Out of Africa
Author Roy Richard Grinker follows in the footsteps of anthropologist Colin M. Turnbull
By Gerald Bartell
Author Roy Richard Grinker was eager to know how his editor liked In the Arms of Africa: The Life of Colin M. Turnbull. Then Grinkerís manuscript came back bearing a Post-it note. It read: "Heís straight."
The point was well taken. Grinker is straight. The problem was that his subject, anthropologist Colin M. Turnbull, was gay. And St. Martinís Pressí editor Michael Denneny felt Grinkerís passages about Turnbullís gay life, a vital part of the narrative, fell flat.
The block was the only one Grinker had faced in writing the book. In so many other ways, Grinker almost was Turnbull.
At George Washington University, Grinker is an associate professor of anthropology, the position Turnbull once held. And as a student at Grinnell College in Iowa in the early Ď80s, Grinker, like Turnbull, threw off what he calls "an overbearing childhood."
Grinkerís great-grandfather was one of the first practitioners of psychoanalysis in the United States, introducing phenobarbitol into this country from Europe. Grinkerís grandfather, also a psychiatrist, studied with Sigmund Freud. Grinkerís father, too, was a psychiatrist. So Grinkerís family expected him to be number four. He refused, remaining instead an indifferent student uncertain of his future.
Then Grinker read Turnbullís groundbreaking study of African Pygmies, The Forest People. Grinker found the book "electrifying." It inspired his career. Grinker became an anthropologist like Turnbull, eventually traveling to Africa to study Pygmies, as Turnbull had done.
Later, he began to study Turnbull himself.
Turnbull had rebelled by coming out. The son of upper-class parents, a graduate of Oxford, he lived an openly gay life in England in the Ď40s and Ď50s, and later in the United States. In 1960, Turnbull, who had become curator of African Ethnology at the American Museum of Natural History, became the partner of Joseph Towles, an actor and later an anthropologist. Their relationship lasted until 1988 when Towles died of AIDS. (Turnbull died of AIDS in 1994.)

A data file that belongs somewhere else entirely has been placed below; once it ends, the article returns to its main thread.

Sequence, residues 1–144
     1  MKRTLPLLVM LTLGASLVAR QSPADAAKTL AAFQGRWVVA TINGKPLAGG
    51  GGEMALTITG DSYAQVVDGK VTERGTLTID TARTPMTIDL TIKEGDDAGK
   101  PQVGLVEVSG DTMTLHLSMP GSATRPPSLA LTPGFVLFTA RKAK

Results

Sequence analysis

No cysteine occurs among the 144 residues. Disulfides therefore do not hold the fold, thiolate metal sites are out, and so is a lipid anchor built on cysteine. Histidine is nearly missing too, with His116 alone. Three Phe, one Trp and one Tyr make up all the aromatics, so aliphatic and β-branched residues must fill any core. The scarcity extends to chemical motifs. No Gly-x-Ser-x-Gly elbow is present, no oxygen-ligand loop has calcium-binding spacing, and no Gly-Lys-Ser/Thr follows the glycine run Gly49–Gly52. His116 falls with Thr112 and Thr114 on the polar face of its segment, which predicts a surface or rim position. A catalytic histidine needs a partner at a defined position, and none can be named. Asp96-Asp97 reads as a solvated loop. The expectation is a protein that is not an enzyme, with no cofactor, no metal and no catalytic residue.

"Being gay made Turnbull think of the world as defined by false categories," Grinker says. "He didnít like the words Ďgayí or Ďhomosexual,í not as words that defined someone totally. Being gay made him question the kind of limits we put on ourselves."
Grinker also observed that Turnbullís gayness caused him to see science was not microscopic data, but a discipline to be deeply felt.
"He was dedicated to the idea that people doing scientific work bring their own past to it," Grinker says.
So as he faced his editorís criticism, Grinker searched his own life to make Turnbullís story more than data. Karen Wolny, another editor at St. Martinís, suggested Grinker concentrate on a relationship Turnbull shared with an African man in the Ituri forest.
"How did it feel everyday to see that tight butt, that muscular body with almost no fat?" Wolny asked Grinker. "Close your eyes and imagine looking at Kengeís body. How did it make him feel? How does it make you feel when you imagine it?"
Sitting at his keyboard, Grinker fantasized.
"I thought about how good it felt when men touch my hand, my back, my leg," Grinker says. "I realized I hadnít wanted to recognize how having that physical affection felt good. Now Iíve become more open to showing physical affection."
Grinker found this new sensitivity warmed his entire book.
"At one point I wrote, ĎColin had a jeweled soul,í" Grinker says. "Iíd never written that way."
Grinker says he also developed keener insight into what it means to be gay.
"I learned I was distant from gays and gay relationships," he says. "I think itís important to have people who are not gay write about gay issues. Why shouldnít that be possible? There need to be bridges."
Richard Grinker reads at 7 p.m. on Wednesday, Sept. 27, at A Different Light, 151 W. 19th St. For information, call (212) 989-4850.
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September 22, 2000